How to prove a constructive dismissal claim | LawHive - Solicitors & Lawyers Online

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How to prove a constructive dismissal claim

What you need to prove a constructive dismissal case

Proving contructive dismissal can be difficult and many claims don't win. It's important you get help and advice. The citizen's advice bureau has openly said that if you take your claim to an employment tribunal without help and advice, you're likely to lose.

There are several actions you must take to have a good chance of winning your claim.

Speak to management

You will need to show proof that you tried to resolve things before you were forced to resign.

As a starting point, you can speak to your direct manager. If you need to go to upper management you should. You can also talk to a trade union representative or someone in the HR department.

For each of these interactions take records and keep all of your correspondence. If you can correspond in writing, by email or letter, that's best.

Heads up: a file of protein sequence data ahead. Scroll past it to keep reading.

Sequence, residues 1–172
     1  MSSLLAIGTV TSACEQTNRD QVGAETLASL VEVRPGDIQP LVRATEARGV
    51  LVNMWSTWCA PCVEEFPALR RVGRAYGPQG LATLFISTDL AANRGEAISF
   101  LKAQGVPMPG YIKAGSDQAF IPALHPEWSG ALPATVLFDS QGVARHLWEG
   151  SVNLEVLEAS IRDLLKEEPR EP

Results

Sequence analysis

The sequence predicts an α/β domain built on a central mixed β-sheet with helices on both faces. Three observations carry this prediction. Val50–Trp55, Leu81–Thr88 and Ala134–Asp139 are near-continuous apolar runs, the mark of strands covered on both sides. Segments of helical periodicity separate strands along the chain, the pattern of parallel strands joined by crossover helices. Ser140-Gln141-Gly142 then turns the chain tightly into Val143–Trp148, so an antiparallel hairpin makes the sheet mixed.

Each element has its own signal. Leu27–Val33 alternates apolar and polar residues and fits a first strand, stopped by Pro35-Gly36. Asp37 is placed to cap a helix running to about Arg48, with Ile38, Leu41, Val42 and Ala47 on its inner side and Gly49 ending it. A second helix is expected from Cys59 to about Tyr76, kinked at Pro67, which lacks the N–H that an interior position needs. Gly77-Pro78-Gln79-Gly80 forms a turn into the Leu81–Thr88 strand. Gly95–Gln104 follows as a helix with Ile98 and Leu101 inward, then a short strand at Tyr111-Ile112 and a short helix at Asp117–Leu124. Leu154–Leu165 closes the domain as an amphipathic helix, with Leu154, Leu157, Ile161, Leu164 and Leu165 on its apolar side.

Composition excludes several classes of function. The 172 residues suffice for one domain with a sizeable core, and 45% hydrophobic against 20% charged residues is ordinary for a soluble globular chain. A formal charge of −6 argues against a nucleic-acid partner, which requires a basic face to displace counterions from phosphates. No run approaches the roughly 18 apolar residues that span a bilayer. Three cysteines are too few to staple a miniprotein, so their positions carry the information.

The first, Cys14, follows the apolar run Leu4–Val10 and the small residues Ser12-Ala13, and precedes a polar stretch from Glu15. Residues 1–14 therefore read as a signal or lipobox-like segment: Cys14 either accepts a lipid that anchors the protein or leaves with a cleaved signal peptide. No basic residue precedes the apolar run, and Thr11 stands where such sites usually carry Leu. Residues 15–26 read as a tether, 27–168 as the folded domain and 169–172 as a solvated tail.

Follow your company's official complaints or grievance process

Find out what the formal process is and follow it as closely as you can.

Log your complaint officially and in writing, keeping all of your notes on any discussions or meetings.

Record all incidents

Every time there is an incident that you believe to be part of your claim for constructive dismissal, make a record of it. That might be a log or a journal with dates, times, the people involved, any witnessses, and all the details.

Keep supporting documents

Carefully keep any relevant documents that back up your claim such as payslips if its pay related, time sheets for a case to do with work hours, company memos, emails or any other documents that could be revelant to the claim.

Gather witness statements

Make notes of any other colleagues who happen to be around when incidents occur. Once you have left the company you can then ask them for statements. It will help if you can provide them with dates, times, locations of where the incidents occurred.

You must resign

You can only claim constructive dismissal once you have been forced to resign. If your employer terminates your employment, it may be unfair dissmissal but it cannot be constructive dismissal.

There must have been a breach of employment contract by your employer

There are many possible reasons for this including workplace bullying, discrimination, and many other causes.

Your resignation must take place in a reasonable time frame

This is open to some interpretation but the longer you leave it, the greater then chances a tribunal might decide you waited too long.

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